As is true of many physical symptoms, the conditions that cause eye redness range from the pathetically benign (staying up past bedtime) to the decidedly dangerous (acute glaucoma).
(Fortunately for us, benign causes greatly outnumber the dangerous.)
As noted in Sun Gets in Your Eyes, eyes and eyelids are sensitive structures: Abuse them and you’ll see (and feel) the effects quickly. Stop the abuse, however, and your eyes will usually return to normal fairly quickly. The problem, however, is that some causes of eye redness don’t just go away: You may need to seek medical treatment to address an underlying condition.
Why You Should Be Concerned About Eye Redness
1. Protecting Eye Health: Sure, your pinkish peepers may simply be the result of one too many late nights, but there are other causes of eye redness (see below) that can’t be cured by a good night’s sleep and, if left untreated, can cause vision loss.
2. Looking Pretty: Forget about crow’s feet, nothing ages a person more dramatically than eye redness (and frankly, chronically bloodshot eyes can cause people to wonder about your personal habits). Since even mild redness can dull the whites of your eyes, getting treatment is important.
Eye Redness Causes
Below is a very partial list of conditions that may lead to eye redness. Again, a doctor’s visit is the best way to determine the reason for your condition as well as its proper treatment:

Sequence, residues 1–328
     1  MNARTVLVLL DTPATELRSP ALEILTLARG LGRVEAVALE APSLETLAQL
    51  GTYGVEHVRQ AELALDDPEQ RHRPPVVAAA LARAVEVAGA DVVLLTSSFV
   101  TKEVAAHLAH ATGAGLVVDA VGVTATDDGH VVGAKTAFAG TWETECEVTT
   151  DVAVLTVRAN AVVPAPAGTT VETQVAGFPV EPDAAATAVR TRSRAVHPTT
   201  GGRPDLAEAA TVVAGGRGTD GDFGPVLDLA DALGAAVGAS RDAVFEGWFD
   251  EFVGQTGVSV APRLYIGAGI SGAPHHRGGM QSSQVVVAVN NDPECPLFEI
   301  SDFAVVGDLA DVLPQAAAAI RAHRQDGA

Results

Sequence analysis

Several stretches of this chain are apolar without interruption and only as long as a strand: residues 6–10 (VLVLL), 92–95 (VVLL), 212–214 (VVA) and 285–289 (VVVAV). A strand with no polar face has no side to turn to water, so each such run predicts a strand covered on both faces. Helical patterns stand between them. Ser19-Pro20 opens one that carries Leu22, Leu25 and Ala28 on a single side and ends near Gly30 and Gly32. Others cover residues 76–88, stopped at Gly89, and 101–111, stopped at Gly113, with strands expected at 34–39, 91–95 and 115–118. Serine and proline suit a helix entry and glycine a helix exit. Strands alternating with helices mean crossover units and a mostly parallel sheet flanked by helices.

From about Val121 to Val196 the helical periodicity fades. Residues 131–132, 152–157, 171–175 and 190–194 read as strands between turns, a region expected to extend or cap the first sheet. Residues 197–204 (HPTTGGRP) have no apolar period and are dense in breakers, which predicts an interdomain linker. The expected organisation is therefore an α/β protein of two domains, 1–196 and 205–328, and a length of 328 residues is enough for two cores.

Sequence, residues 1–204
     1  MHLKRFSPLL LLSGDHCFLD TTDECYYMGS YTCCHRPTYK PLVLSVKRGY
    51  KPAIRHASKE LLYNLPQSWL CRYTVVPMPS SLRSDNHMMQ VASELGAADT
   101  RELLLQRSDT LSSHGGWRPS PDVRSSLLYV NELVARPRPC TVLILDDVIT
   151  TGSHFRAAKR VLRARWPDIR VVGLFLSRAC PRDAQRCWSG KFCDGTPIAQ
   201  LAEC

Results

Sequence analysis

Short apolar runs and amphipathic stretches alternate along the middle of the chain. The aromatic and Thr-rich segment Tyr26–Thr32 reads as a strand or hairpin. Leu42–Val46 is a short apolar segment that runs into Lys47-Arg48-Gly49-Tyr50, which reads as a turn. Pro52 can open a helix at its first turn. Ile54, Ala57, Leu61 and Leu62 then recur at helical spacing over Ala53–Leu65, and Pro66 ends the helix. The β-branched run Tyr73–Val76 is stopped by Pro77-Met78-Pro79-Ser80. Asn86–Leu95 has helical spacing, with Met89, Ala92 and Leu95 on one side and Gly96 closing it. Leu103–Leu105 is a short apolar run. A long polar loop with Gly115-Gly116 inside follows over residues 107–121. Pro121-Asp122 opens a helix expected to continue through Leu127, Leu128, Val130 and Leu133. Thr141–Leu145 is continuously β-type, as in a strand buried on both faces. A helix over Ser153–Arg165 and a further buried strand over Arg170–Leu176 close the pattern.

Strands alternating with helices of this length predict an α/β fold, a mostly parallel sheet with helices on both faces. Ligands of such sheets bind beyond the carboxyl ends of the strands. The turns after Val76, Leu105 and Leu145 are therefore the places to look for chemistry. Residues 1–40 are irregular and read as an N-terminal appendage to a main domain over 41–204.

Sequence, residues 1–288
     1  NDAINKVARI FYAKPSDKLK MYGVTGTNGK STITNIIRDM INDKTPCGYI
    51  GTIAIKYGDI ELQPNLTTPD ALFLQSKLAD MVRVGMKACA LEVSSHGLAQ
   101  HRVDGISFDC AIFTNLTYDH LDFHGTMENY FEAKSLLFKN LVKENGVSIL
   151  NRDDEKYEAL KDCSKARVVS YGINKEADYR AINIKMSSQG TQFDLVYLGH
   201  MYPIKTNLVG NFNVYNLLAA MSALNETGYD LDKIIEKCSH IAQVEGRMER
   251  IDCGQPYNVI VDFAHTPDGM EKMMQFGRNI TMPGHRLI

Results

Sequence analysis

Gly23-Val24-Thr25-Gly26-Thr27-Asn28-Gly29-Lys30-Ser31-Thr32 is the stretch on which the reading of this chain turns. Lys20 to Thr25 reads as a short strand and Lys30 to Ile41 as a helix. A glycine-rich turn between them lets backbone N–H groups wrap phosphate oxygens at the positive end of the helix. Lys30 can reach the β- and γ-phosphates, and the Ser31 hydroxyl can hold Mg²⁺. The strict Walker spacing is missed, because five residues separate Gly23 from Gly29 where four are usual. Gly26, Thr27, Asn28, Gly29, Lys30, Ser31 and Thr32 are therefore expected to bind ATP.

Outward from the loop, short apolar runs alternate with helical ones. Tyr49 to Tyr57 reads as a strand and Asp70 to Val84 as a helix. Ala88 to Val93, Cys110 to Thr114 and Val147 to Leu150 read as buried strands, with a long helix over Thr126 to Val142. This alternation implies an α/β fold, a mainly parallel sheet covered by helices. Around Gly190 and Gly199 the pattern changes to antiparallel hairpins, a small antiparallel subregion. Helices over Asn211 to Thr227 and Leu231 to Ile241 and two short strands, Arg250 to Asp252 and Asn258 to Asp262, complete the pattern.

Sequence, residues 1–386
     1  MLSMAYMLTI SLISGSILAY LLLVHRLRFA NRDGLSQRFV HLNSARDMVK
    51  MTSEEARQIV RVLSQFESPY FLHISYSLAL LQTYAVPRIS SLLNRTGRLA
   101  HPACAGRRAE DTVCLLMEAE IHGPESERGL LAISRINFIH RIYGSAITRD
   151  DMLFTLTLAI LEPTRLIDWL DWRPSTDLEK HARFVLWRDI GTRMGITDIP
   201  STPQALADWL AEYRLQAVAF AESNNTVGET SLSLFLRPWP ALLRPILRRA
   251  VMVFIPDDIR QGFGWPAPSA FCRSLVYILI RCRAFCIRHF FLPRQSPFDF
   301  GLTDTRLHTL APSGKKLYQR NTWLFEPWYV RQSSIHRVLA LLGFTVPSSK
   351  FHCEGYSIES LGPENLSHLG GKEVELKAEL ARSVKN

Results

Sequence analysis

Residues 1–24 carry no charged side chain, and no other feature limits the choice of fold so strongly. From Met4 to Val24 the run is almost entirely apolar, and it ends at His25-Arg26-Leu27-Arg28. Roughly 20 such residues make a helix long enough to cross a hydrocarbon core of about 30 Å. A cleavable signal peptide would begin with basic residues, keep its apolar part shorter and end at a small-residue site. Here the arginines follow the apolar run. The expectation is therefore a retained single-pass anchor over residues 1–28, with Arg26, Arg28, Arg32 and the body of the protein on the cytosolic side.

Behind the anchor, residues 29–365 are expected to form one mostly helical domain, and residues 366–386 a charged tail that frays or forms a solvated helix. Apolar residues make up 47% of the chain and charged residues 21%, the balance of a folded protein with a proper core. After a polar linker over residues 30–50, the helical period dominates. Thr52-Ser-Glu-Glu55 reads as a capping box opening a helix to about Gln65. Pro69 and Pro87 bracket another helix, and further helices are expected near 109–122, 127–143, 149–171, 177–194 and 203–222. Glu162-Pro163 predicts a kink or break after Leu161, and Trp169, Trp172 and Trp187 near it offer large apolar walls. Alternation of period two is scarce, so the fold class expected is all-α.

1. Conjunctivitis: Remember “pink eye” from your school days? This particularly disgusting affliction that not only made your eyes horribly bloodshot, but often caused them to ooze a nasty green pus, gluing your eyelids shut during the night.
While some forms of conjunctivitis are caused by allergies, and are thus non-contagious, conjunctivitis caused by viral or bacterial infection is another story. (Bacterial conjunctivitis can be treated with antibiotics, while the viral version goes away on its own.)
Because bacterial/viral conjunctivitis is so catching, it’s important to follow your doctor’s instructions about returning to work or school while you recover.
2. Contaminated Makeup: While it’s tempting to scrape the last of your high-end mascara out of its tube or to resurrect that old eyeshadow pan that’s been hiding in your backpack, don’t. Contaminated eye makeup can lead to eye irritation and infection. Be safe and toss eye makeup after four to six months of use. If you do develop an eye infection, get rid of all your eye makeup to prevent re-contamination.
3. Environmental Factors: Allergies to ragweed or pets, as well as exposure to environmental pollutants, can cause irritated, red eyes. Your doctor can run tests to diagnose allergies and may be able to prescribe soothing eye drops or an antihistamine to help manage your condition.
4. Occular Rosacea: Many people are familiar with rosacea, facial flushing that can result in a ruddy complexion and, in some cases, acne-like bumps on the skin. Sometimes this condition affects the eyes as well, causing red, dry eyes.
Like skin rosacea, occular rosacea often worsens over time and, if left untreated, sometimes contributes to vision loss. Doctors can prescribe antibiotics and eye drops to manage symptoms, though you will likely have to do your part and avoid rosacea triggers such as alcohol, spicy food, and hot beverages.
5. Acute Glaucoma: While glaucoma is often a slowly progressing disease, with symptoms worsening over time, it’s possible for the condition to come on suddenly. If you suddenly develop eye redness, develop visual disturbances such as seeking rainbow “halos” around objects or experience severe pain in an eye, seek medical care immediately.
Keep in mind that eye redness, while common, isn’t actually normal: When your eyes turn red, they are trying to tell you that something is amiss. Take action by taking stock of your lifestyle and, if necessary, getting help from a medical professional.